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TEMPNAM(3)		   Linux Programmer's Manual		    TEMPNAM(3)

       tempnam - create a name for a temporary file

       #include <stdio.h>

       char *tempnam(const char *dir, const char *pfx);

   Feature Test Macro Requirements for glibc (see feature_test_macros(7)):

	   Since glibc 2.19:
	   Glibc 2.19 and earlier:

       Never use this function.	 Use mkstemp(3) or tmpfile(3) instead.

       The  tempnam()  function	 returns a pointer to a string that is a valid
       filename, and such that a file with this name did not exist when	 temp-
       nam()  checked.	 The  filename	suffix	of the pathname generated will
       start with pfx in case pfx is a non-NULL string of at most five	bytes.
       The  directory  prefix part of the pathname generated is required to be
       "appropriate" (often that at least implies writable).

       Attempts to find an appropriate	directory  go  through	the  following

       a) In case the environment variable TMPDIR exists and contains the name
	  of an appropriate directory, that is used.

       b) Otherwise, if the dir argument is non-NULL and  appropriate,	it  is

       c) Otherwise, P_tmpdir (as defined in <stdio.h>) is used when appropri-

       d) Finally an implementation-defined directory may be used.

       The string returned by tempnam() is allocated using malloc(3) and hence
       should be freed by free(3).

       On success, the tempnam() function returns a pointer to a unique tempo-
       rary filename.  It returns NULL if a unique name cannot	be  generated,
       with errno set to indicate the cause of the error.

       ENOMEM Allocation of storage failed.

       For   an	  explanation	of   the  terms	 used  in  this	 section,  see

       |Interface | Attribute	  | Value	|
       |tempnam() | Thread safety | MT-Safe env |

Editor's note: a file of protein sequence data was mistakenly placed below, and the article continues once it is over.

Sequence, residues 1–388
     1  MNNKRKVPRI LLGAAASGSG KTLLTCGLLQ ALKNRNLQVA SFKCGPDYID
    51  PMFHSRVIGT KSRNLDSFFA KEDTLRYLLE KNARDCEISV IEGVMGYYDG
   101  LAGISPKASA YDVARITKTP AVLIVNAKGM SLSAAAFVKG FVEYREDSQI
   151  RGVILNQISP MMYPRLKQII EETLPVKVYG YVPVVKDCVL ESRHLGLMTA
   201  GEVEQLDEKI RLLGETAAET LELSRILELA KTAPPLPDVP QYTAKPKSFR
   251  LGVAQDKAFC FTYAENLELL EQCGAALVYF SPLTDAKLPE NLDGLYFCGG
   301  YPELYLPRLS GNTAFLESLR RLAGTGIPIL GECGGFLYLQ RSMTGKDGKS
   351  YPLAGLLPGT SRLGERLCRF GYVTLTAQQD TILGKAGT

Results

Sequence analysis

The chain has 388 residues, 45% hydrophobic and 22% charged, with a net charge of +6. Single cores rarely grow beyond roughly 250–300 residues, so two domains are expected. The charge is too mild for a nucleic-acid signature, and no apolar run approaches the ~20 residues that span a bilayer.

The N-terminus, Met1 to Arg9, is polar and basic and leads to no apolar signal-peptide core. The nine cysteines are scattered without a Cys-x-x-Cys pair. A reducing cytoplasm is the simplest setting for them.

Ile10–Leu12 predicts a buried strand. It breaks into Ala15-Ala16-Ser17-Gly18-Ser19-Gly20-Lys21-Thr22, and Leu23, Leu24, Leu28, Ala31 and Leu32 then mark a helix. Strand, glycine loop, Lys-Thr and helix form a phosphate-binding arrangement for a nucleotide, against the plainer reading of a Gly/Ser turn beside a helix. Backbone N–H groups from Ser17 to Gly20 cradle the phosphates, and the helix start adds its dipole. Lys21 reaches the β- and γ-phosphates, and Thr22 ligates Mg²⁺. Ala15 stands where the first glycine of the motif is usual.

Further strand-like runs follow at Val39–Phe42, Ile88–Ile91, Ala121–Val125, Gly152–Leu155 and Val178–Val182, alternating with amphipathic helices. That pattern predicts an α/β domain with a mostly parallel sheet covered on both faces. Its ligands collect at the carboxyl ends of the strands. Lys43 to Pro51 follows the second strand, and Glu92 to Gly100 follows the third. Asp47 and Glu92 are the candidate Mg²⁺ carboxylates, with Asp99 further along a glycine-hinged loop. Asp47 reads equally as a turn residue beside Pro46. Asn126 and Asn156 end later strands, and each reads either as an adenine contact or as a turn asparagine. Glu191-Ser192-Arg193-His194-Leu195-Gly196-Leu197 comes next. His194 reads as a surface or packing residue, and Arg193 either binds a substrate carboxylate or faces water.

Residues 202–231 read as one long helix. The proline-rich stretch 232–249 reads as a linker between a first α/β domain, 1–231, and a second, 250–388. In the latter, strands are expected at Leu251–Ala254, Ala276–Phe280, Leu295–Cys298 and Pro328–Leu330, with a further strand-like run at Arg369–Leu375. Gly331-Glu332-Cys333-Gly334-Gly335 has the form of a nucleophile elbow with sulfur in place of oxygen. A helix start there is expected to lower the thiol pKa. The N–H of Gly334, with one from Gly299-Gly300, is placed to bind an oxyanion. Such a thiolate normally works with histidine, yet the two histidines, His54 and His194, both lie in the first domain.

SVr4, 4.3BSD, POSIX.1-2001.  POSIX.1-2008 marks tempnam() as obsolete.

       Although tempnam() generates names that are difficult to guess,	it  is
       nevertheless  possible  that  between the time that tempnam() returns a
       pathname, and the time that the program opens it, another program might
       create  that  pathname  using open(2), or create it as a symbolic link.
       This can lead to security holes.	 To avoid such possibilities, use  the
       open(2)	O_EXCL	flag  to  open	the  pathname.	 Or  better  yet,  use
       mkstemp(3) or tmpfile(3).

       SUSv2 does not mention the use of TMPDIR; glibc will use it  only  when
       the  program  is not set-user-ID.  On SVr4, the directory used under d)
       is /tmp (and this is what glibc does).

       Because it dynamically allocates memory used to	return	the  pathname,
       tempnam() is reentrant, and thus thread safe, unlike tmpnam(3).

       The  tempnam()  function	 generates  a different string each time it is
       called, up to TMP_MAX (defined in <stdio.h>) times.  If	it  is	called
       more than TMP_MAX times, the behavior is implementation defined.

       tempnam() uses at most the first five bytes from pfx.

       The  glibc  implementation of tempnam() will fail with the error EEXIST
       upon failure to find a unique name.

       The precise meaning of "appropriate" is undefined;  it  is  unspecified
       how accessibility of a directory is determined.

       mkstemp(3), mktemp(3), tmpfile(3), tmpnam(3)

       This  page  is  part of release 4.10 of the Linux man-pages project.  A
       description of the project, information about reporting bugs,  and  the
       latest	  version     of     this    page,    can    be	   found    at

				  2016-03-15			    TEMPNAM(3)